The life of the pandemic and the echoes reminiscent of Soviet Russia, according to the Bulgarian Internet publication Mediapool, which regularly criticizes Russia. The media published an article by anti-Soviet journalist Stephen Levy, a native of Bulgaria, now an American and a resident of New York.
I grew up during the cold war. The life of a Soviet person can be described as a series of severe trials. We were people sadly standing in long lines at grocery stores. If the bread ended before your turn came, you had to go home and somehow bake it yourself
- the author reports.
Soviet people experienced "hardship and suffering", they did not have political right. Their leaders constantly lied and did not tolerate the truth. But after the fall of the Berlin Wall, the USSR collapsed as well. The collective West has declared its "victory" in the Cold War. At that time, no one even thought could pass that someday the United States would resemble this gloomy dystopia that was Soviet Russia.
Now, being isolated in connection with COVID-19, the author had a lot of time to think about it. For him, films about Soviet reality were embodied in everyday life. And the reason for this is not at all a communist threat, but a potentially fatal infection.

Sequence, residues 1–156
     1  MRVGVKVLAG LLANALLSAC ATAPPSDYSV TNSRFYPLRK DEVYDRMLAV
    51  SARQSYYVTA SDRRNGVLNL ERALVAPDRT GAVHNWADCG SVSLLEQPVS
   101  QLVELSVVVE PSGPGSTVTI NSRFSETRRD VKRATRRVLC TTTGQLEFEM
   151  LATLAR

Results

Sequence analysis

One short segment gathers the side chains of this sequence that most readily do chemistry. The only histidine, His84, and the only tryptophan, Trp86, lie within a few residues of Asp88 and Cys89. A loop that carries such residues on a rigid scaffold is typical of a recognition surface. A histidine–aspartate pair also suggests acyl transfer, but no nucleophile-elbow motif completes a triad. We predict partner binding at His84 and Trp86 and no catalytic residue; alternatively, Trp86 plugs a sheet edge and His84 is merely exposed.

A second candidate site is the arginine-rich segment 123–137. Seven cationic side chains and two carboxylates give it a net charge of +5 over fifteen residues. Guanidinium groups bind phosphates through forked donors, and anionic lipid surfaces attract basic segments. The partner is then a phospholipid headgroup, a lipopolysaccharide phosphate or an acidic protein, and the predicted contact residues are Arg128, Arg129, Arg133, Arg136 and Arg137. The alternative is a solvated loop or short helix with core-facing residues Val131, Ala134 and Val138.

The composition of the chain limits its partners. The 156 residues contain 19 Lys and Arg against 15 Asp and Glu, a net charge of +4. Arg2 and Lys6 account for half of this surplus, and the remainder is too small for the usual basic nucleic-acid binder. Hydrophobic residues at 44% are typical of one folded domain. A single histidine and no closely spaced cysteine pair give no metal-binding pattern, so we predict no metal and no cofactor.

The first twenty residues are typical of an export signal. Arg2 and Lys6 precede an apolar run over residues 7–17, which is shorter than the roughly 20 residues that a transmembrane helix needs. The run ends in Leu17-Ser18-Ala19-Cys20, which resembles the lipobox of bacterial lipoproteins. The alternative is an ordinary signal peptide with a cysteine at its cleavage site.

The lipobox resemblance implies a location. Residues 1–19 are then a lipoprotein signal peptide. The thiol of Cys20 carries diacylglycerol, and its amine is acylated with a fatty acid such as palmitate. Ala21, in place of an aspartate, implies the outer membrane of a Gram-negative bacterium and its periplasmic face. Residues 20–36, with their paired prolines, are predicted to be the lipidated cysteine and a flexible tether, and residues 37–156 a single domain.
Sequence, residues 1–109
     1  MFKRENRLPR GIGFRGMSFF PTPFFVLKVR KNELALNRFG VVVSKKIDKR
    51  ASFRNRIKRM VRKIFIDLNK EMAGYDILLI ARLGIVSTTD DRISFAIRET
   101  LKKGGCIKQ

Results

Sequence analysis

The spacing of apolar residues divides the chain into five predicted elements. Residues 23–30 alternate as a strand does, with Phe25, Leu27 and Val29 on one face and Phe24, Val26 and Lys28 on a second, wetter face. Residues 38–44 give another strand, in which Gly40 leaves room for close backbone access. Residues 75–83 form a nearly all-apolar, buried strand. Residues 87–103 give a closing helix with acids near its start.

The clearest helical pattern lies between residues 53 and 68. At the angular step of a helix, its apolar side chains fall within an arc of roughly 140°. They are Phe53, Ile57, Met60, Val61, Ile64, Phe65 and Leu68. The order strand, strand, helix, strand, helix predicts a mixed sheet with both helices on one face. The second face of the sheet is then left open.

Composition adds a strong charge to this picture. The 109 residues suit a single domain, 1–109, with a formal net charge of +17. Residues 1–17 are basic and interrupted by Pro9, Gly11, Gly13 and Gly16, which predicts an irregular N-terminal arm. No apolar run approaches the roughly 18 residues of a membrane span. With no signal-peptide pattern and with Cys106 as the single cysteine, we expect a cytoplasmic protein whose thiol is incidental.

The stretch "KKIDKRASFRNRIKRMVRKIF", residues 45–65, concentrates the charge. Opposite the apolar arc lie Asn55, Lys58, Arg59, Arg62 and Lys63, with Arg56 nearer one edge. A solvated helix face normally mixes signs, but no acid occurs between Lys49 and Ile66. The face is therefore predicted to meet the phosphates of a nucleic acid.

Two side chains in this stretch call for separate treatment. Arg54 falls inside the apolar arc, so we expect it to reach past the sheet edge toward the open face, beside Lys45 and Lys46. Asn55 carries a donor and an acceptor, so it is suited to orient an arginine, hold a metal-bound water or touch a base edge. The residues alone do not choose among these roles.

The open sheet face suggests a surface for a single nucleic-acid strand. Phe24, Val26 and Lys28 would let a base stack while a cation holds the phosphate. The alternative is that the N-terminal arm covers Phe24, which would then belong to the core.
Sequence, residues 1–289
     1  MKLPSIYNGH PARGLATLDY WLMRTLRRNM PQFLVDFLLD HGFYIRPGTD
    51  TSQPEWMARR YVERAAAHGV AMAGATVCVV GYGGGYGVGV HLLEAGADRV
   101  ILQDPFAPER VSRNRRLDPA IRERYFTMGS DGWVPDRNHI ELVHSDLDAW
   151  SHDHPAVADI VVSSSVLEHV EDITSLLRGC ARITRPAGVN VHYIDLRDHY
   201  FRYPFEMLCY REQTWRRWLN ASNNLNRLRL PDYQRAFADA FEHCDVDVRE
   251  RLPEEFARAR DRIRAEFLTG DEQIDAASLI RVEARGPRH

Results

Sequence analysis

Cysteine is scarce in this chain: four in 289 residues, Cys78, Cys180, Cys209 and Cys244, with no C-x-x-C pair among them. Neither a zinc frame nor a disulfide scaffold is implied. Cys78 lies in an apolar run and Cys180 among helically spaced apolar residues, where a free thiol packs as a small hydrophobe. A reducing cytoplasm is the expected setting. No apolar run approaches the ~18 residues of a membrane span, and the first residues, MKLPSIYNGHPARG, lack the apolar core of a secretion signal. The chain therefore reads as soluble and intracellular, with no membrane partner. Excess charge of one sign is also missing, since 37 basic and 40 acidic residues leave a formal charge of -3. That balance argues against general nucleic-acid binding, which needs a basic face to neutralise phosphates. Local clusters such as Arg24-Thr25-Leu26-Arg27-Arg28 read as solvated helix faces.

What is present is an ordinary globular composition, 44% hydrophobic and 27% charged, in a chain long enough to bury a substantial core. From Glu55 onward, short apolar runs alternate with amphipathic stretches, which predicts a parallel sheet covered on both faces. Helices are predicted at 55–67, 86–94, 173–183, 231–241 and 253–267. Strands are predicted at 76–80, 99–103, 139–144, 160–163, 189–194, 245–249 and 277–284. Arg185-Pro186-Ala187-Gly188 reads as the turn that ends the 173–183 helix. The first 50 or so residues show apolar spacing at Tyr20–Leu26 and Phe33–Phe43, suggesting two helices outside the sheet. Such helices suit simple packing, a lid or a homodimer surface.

We are literally locked in our homes and apartments, which seem to have shrunk to the size of housing in Soviet "concrete boxes." If we still leave the house, we protect ourselves with masks and gloves, as if from a plague, and in the shops we are greeted by empty shelves. Rumors of a shortage of toilet paper in some shopping centers cause real unrest
- the author describes the current situation in the United States.
In his opinion, social networks have become a reflection of the transition from a culture glorifying capitalist surpluses to a culture in which the ability to get the most necessary is a great skill. President Donald Trump's daily briefings began to resemble the meetings of the Soviet Political Bureau, at which he talks about the abundance of goods, which actually is not.
The grayness of modern American life reminds the author of the Soviet era, as if people were living in some depressing black and white film, which takes place in East Berlin.